After a Spring made of good climbing on rock (yes, rock, that thing that you find outside instead of plastic and wooden holds), with Summer closing in and temps in the high 30's for weeks on end, my dreams of glory were truly shattered.
I didn't admit defeat, though, before being seriously and utterly defeated.
I went to the Dolomites again with a bunch of friends for a stag do, and once the effects of the first night on the cocktails were over, I managed to touch some rock.
I had my sight aimed at a longstanding project whose line I had finally discovered. I thought I'd done it years ago, but it turned out that the true line was a few meters on the left, completely independent from what I'd done and completely unknown to me.
To cut a long story short, it's hard and I didn't do it. In my opinion it could be around 8a+ or 8b. It's a traverse on the lip of a roof, whose first half is all the hard climbing of the 8a I did in June, and whose second half is probably from 7c up. Brilliant, totally brilliant climbing with edges, slopers and a sequence on right hand underclings that left me completely destroyed. With 25 degrees at the boulders, I couldn't do the middle moves of the 8a anymore, involving a slopey dish, so after refining my sequence I started trying the project from a few moves in. Blimey, despite bone dry holds and good form, I couldn't do it!!! It's hard!
I left emptyhanded, apart from finally repeating a 7a+ that I never found dry in 15 years of bouldering in the Dolomites!
I didn't really leave emptyhanded, because I gained a nice shoulder strain from spending a day on a hard gaston move and behind the head underclings. Obviously, I immediately tried to iron the injury out. Bad choice. On my first set of behind the neck press the sound of a packet of crackers cracking woke me up from my dreams of glory and my right shoulder was useless. Theraband weeks followed. Theraband and weights. Theraband and sprints. Theraband and everything. I managed to train around my injury, tweaked some excercises like the ab wheel and the barbell carry walk. I'd like to share what I found out, training wise, during these weeks of training and healing my shoulder, but I'm a selfish bastard and I won't. You aren't going to try them anyway, so why spend time and types? Fast forward a few more weeks, in which I found out I had progressed on every aspect of my training, from crimp strength, to openhanding strength, to body tension and pulling power, I finally made it back to the Dollys. Three days of climbing, a long weekend to tick my project and finally leave rock for the Winter. No way. Weeks and weeks of rain had done the damage. First day, the roof was dripping. I tried to repeat the 8a and obviously couldn't despite being now able to repeat the part that I couldn'd do in the hot in July. I tried a one move 8a and couldn't do it because of the wet holds. Pads soaked and muddy, clothes soaked and muddy. I ate a lot. Second day, we played around for a while, I napped in the sun, then didn't resist the urge to repeat a problem that I'd done many many years ago. A roofy 7b meant a sure retroflash while waving at the crowd of hikers. No. Four fucking goes were fucking needed. I waved at the hikers though. I wanted to climb a bit more in a nice, sunny, dry spot but I was sure the roof was in good nick, so I resisted. We got to the roof. It wasn't dripping anymore, it was soaked by streaks of water running down and condensation. Got the pad again, walked to the car then I remembered of the sunny spot and headed there (another 15 minutes walking with two pads among the boulders. In flip flops.). Got there. The sunny, dry boulder was sunny and dry at two p.m., now at six it was gloomy, humid and useless as everything else. But I was there. I tried the project. Didn't even find the line or the holds. So I tried to repeat a 7c that I'd flashed in June, and of which I thought I had surely used banned holds or an easy sequence because I really pissed it (pulling very hard). Could barely do the moves in isolation. Oh well at least I cancelled my doubts about my flash. Finally did a nasty 7a+ that I'd equally done in June, only, this time I didn't bother neither matching any of the holds nor putting any weight on my feet.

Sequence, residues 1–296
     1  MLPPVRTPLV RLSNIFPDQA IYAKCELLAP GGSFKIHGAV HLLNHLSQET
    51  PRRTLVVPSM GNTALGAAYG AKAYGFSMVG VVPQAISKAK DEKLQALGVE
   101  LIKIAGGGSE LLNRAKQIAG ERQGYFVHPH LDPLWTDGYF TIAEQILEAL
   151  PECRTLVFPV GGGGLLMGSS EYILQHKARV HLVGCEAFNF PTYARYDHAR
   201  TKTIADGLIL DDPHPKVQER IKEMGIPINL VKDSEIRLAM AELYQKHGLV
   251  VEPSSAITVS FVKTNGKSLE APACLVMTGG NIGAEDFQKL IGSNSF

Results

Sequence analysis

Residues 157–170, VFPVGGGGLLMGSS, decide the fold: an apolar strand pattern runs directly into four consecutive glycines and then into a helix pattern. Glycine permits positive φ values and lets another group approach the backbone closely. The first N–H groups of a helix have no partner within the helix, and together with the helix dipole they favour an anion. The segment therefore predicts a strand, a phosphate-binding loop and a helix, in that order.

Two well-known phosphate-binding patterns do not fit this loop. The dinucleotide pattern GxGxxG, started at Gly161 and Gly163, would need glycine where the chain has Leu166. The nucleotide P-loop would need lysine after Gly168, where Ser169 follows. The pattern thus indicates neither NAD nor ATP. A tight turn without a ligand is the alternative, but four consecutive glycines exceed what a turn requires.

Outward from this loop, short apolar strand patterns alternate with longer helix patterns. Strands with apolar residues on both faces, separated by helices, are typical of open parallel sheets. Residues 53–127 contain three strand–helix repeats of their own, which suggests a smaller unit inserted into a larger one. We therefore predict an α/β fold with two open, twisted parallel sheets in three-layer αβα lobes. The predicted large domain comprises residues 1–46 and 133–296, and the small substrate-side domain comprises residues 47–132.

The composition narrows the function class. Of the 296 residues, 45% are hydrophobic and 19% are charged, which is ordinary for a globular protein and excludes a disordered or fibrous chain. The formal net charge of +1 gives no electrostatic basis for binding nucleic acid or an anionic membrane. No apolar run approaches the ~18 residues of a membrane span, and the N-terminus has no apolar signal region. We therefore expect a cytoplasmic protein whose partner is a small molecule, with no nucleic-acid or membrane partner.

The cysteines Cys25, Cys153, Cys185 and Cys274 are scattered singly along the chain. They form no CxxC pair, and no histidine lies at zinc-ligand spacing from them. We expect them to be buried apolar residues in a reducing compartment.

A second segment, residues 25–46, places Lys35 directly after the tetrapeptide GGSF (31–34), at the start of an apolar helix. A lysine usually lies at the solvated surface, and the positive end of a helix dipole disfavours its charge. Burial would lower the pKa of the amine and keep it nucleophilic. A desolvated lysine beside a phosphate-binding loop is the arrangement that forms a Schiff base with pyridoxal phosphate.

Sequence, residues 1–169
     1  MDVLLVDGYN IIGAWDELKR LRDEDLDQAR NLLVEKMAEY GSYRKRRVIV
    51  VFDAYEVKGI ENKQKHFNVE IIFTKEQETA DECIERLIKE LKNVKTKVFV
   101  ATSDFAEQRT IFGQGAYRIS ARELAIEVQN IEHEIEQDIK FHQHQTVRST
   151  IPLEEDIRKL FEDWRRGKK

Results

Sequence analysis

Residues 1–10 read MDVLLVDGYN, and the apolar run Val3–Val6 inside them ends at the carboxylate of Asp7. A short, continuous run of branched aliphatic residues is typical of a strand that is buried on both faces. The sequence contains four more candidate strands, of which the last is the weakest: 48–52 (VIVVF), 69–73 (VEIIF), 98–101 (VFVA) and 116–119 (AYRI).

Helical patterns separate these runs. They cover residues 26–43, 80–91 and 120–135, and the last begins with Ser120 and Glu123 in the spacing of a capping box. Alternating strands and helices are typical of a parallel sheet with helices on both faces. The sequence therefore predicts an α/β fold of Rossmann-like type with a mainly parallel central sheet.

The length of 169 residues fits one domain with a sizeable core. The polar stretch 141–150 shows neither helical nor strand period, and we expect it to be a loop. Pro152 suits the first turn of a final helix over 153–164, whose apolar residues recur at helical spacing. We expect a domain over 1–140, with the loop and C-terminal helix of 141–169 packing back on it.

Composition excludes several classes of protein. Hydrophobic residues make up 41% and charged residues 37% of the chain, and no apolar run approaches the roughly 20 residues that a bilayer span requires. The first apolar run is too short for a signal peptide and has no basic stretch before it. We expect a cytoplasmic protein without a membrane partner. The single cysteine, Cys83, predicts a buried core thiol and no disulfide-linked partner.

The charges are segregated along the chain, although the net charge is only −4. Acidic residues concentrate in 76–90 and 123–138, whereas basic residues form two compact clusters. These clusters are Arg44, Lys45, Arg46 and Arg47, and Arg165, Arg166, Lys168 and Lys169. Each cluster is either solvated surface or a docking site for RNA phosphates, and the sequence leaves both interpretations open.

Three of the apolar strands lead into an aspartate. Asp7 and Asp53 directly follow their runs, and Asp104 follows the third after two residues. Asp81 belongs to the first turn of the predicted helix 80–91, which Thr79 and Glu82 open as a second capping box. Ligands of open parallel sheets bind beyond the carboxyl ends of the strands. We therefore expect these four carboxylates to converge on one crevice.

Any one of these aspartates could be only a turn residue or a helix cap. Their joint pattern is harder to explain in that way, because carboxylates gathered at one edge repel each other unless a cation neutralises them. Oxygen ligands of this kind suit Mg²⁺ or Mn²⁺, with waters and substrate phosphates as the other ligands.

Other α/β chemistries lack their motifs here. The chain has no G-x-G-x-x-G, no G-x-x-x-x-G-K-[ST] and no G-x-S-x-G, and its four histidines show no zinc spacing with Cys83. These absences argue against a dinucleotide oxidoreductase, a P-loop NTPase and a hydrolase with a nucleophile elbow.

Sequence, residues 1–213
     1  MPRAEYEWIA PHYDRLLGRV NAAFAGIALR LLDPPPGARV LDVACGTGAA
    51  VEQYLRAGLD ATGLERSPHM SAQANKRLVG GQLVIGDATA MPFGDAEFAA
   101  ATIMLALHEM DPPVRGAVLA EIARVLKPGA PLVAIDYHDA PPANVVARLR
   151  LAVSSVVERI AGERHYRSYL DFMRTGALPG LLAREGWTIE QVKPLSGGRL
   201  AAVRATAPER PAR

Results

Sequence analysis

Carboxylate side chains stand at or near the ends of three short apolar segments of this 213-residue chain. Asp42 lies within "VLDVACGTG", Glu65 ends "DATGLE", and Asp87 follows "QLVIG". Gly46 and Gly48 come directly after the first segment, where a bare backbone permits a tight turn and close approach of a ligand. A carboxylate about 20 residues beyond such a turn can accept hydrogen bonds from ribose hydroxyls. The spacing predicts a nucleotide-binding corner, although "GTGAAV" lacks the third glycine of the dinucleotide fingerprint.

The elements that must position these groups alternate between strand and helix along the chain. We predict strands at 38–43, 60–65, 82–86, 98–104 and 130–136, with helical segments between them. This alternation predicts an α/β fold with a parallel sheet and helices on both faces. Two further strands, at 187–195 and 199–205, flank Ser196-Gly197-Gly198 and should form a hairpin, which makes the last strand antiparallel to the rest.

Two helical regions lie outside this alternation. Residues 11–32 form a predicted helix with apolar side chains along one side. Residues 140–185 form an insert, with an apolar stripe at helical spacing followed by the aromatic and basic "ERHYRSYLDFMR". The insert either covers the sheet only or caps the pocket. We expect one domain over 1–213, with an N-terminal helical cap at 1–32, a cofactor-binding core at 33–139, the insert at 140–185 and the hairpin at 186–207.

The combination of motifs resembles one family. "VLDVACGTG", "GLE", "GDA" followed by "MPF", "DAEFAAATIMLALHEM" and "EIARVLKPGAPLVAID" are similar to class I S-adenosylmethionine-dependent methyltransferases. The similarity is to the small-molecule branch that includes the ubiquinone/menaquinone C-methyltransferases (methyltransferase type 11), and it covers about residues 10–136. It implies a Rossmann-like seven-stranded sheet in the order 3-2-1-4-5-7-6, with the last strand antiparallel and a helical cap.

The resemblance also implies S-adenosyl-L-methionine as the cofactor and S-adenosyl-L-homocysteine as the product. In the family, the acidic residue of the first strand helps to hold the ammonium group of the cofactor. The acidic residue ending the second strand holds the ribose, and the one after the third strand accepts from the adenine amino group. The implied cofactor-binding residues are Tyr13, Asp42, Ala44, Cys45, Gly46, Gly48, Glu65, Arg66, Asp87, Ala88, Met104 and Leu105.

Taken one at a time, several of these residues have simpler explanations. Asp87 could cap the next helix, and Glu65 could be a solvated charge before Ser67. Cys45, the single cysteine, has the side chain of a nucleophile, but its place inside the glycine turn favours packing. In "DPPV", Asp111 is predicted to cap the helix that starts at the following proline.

Third day dawned cloudy and rainy. Drove home stopping by at King Rock for a bouldering session. Tired, bad skin, torrid temps inside. Brilliant. Climbed until nauseated. Lesson to be learnt: bad bad planning for this last trip. Got there still tired from the week's training, I wouldn't have climbed the project anyway, probably, even if dry. Now I only have to train, stay in shape for some nine months, and then it will be mine. Do not expect, dear reader, to find much rock climbing on Totolore for the months to come: it's time. The time is almost here to dedicate all my efforts to the only thing that matters: my board. Home of the hardest things I've ever tried, this Winter will be the Winter of Glory. The Winter of the Beast. The Winter that will shatter the climbing world forever.